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How the Industry Can Be Greener

The sticky green herb is beloved amongst hippies, naturalists, environmental activists, outdoorsmen and pretty much everyone who wants to preserve the beauty and strength of the natural world. It is perhaps surprising to learn, then, that the cannabis industry as a whole is not only unsustainable but recklessly inefficient with regards to energy usage, resource consumption and waste production.

Individual cannabis companies and the industry has a whole should take steps to reduce their footprint and become as eco-friendly as the laws governing them allow. Here are a few important ways weed could easily get greener over the coming years.

Shift to Outdoor Growing

The main problem with the current state of cannabis cultivation is that so much of it occurs indoors. Greenhouse growing provides an incredible amount of control over a farmers’ crop, ensuring that it grows healthy and safe. However, greenhouse growing is also incredibly wasteful, drawing immense amounts of energy and other resources.

When most people think of greenhouses, they imagine airy glass structures that permit light, heat and slight breezes while shielding plants inside from pests, windchill and worse. However, most cannabis greenhouses are windowless warehouses where marijuana grows underneath industrial, electric grow lights. What’s more, greenhouses cannot benefit from natural precipitation or humidity; instead, they have irrigation systems and ventilation usually powered by humidifiers and electric fans. These energy-intensive systems operate 24 hours per day, drawing huge amounts of non-renewable resources.

Cannabis isn’t a particularly finicky plant — which is largely why it earned the popular name “weed.” In fact, humans discovered the utility of cannabis millennia ago because the plant happily grew in early hunter-gatherer trash heaps. There are many climates in the United States where outdoor growing is not only possible but perhaps more advantageous than greenhouse growing, simply because farmers can take full advantage of free sunlight, rain, pollinators, etc. More important than reducing expenses, outdoor growing reduces the resource consumption of marijuana cultivation, making it much, much greener.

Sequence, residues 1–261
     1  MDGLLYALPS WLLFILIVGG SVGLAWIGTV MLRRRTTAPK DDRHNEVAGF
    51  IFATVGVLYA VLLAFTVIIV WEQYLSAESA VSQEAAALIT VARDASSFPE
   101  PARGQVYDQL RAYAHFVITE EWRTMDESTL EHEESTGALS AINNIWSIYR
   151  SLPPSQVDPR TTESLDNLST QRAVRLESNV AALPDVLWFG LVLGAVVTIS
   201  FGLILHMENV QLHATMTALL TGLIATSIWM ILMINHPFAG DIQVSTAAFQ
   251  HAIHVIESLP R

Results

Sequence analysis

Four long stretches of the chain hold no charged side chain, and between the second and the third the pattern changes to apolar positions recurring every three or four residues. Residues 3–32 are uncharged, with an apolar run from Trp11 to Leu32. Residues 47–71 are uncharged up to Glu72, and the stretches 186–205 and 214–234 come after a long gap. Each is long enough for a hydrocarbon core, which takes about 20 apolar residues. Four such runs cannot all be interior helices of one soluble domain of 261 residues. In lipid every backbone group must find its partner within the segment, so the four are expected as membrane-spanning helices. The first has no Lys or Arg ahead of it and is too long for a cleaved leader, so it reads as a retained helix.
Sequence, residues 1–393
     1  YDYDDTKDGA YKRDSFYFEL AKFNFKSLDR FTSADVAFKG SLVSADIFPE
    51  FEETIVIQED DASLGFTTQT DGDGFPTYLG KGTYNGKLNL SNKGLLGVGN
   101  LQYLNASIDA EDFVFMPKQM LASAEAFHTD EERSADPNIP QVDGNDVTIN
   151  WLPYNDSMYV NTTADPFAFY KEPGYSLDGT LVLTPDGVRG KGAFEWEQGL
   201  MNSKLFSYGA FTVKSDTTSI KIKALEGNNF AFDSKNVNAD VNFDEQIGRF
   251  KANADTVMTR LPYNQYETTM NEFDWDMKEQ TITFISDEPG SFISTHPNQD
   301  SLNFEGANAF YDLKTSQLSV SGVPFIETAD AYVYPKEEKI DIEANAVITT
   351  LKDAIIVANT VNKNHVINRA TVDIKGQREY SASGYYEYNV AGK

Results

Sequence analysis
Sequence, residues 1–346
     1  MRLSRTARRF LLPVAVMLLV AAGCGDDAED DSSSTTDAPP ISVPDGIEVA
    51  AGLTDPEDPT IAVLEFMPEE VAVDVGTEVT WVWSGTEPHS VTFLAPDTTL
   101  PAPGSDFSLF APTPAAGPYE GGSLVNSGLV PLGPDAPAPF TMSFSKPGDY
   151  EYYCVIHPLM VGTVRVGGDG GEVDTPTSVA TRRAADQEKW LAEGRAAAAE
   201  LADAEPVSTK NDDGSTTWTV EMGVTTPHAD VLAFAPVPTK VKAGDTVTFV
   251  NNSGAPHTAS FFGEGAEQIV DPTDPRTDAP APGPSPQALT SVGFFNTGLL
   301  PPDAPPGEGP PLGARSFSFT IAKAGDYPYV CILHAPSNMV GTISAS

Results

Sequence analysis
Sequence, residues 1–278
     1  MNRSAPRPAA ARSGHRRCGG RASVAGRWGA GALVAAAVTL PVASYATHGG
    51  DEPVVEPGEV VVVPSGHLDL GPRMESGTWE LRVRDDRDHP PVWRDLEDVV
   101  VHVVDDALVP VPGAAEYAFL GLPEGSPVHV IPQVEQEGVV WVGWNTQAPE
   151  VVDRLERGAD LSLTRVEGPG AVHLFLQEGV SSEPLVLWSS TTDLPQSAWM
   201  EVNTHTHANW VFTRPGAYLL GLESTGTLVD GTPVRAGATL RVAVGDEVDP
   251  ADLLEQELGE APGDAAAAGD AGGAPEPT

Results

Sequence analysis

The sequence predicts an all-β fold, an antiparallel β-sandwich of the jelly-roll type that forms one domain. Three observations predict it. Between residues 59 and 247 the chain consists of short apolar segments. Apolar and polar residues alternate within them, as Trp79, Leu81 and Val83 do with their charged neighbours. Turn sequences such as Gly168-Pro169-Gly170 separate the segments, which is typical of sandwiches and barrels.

Rely on Renewable Resources

It is worth noting that not everywhere can benefit from outdoor growing. For example,Oregon marijuana is mostly grown indoors because the climate is too wet and cold for the crop. Additionally, some states prohibit cannabis cultivation in the open air, where the public can see and potentially steal the controlled substance.

 

When outdoor growing isn’t an option, farmers still have the opportunity to reduce their environmental impact and make smart energy choices for the future. For example, greenhouses might be constructed from Earth-safe, recycled or sustainable resources, like hempcrete. Additionally, greenhouses should draw upon renewable energy, installing solar panels or wind turbines to power electric systems inside. Finally, in places that receive sufficient rainfall, growers should use rain barrels and recycled water to grow their crop. Though these might increase a cultivator’s initial investment, they increase the value of the crop, not to mention the grower’s brand.

Ditch Pesticides and Other Chemicals

Marijuana is naturally pest-resistant, but that doesn’t stop many growers from utilizing pesticides to fully protect their crop. Unfortunately, marijuana isn’t always fully washed, meaning that harmful chemical pesticides can remain within the final product, making it into users’ bodies and causing various harms.

Pesticides aren’t the only chemicals used in cannabis cultivation, either. Growers might spread chemical herbicides to kill off weeds competing for their crop’s resources, especially if they are participating in outdoor growing. Chemical fertilizers are also commonly used because they can increase growth speed, affect cannabinoid composition and more. As with pesticides, these chemicals are damaging to both natural environments and eventual consumers.

Some states, like Oregon, have strict rules about chemicals used in cannabis cultivation, but many growers need to commit themselves to a more organic operation. Though organic growing comes with challenges, it ultimately produces a better-quality product.

Which is why using Good Earth Organics Soil and Amendments makes sense.

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